Let’s get the biggie out of the way first (as it were): I love writing sex. Yes, I admit it. It’s one of the high points of my writing life. Even when I’m not writing about sex, I’m thinking about writing it. It’s part of all my novels, and some of my poems and short stories. Even when no sex takes place.
To my mind this is simply part of being human. We’re all physical and sexual (or at least with the capacity for being sexual) people, and including that aspect of our lives within literature is a celebration of being alive and of being who we are.
Not that you’ll find sex on every single one of the pages of my novels. You won’t. Not by a long way, though I do like to think that my darker writing nonetheless remains erotic in nature. My characters are, after all, physical beings within their world. In fact, one reviewer mentioned the lack of described regular sexual activity in A Dangerous Man (Flame Books, 2007) as a negative point, bearing in mind that my main character has been a part-time prostitute.
And it’s here that the essential balance of sex writing must be considered. Above all else, sex is character. It’s not there (primarily) to titillate. It’s there to reveal. If sex is doing its job properly, it should reveal character in a way that nothing else can. TIP: If something else at that point can reveal your character better than a sex scene, then DON’T WRITE THE SEX SCENE – write the “something else”. It should also reveal the relationships of the characters involved in the sex scene to each other in a deeper way. (NB The previous tip also applies here). Not just physically, but emotionally and mentally – where it counts. Good sex writing shows the people you’re writing about being themselves most clearly and most closely – and that kind of intimacy with a character is what the reader – and the writer – wants.
A case in point is this: in my upcoming mystery novel, The Bones of Summer (Dreamspinner Press, late 2009), my main character Craig starts a relationship with Paul from Maloney’s Law (PD Publishing, 2008). In the midst of everything else that happens to them, it’s natural for them to have sex – it’s new and exciting for them and a way of getting to know each other, as well as being a way for the reader to understand them and something about their pasts more fully. I hope it works, and I’m reassured that my first editor, Sara Maitland from The Literary Consultancy, noted that: you handle the sex so well – open and realistic without being excessively “in your face.” That said, however, when I was going through it again prior to submission to my publisher, I removed one section of erotic writing as it neither deepened the sense of character nor moved the story forward. Nice sex, maybe, but verging on the pornographic and I therefore didn’t need it. The scene is more true to itself without it: more balanced, more human, more real. If you ever read it, I hope you’ll think so too.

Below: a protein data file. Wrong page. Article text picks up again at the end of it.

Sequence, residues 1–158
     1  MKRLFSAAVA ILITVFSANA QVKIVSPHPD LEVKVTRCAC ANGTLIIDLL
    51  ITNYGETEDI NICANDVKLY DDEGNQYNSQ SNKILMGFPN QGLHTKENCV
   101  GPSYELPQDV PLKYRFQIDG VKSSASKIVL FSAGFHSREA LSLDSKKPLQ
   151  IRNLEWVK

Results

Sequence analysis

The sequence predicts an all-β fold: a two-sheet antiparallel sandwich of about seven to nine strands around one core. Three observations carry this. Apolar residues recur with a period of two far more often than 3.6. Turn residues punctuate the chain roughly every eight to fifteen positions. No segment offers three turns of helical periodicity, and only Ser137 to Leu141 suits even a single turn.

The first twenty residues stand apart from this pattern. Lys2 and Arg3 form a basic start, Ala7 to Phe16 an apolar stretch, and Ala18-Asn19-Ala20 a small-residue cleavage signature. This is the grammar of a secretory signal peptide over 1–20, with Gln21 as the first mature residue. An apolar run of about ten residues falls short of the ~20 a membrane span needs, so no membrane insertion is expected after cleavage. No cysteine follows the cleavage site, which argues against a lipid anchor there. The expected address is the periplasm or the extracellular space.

Because good sex writing isn’t porn. It’s not about what the bits look like and where they go. It’s about the people to whom those bits belong and how they feel and think and change. Recently, a colleague at work joked with me about how she “couldn’t write porn like you do” and I was very much taken aback and really rather hurt by her assumption. I know for a fact that she’s never read any of my published novels (nor any of the drafts either!) and I hope that, if she ever does, that assumption will be changed. I’m not even sure that what I write can be classed as erotic fiction in its truest form. It’s fiction about people who have sex only where it fits their character and the story. Much like life really. Enjoy.
An Essex girl at heart, Anne now lives in Surrey and is a successful author of novels, short stories and poetry - do visit her website and blog at: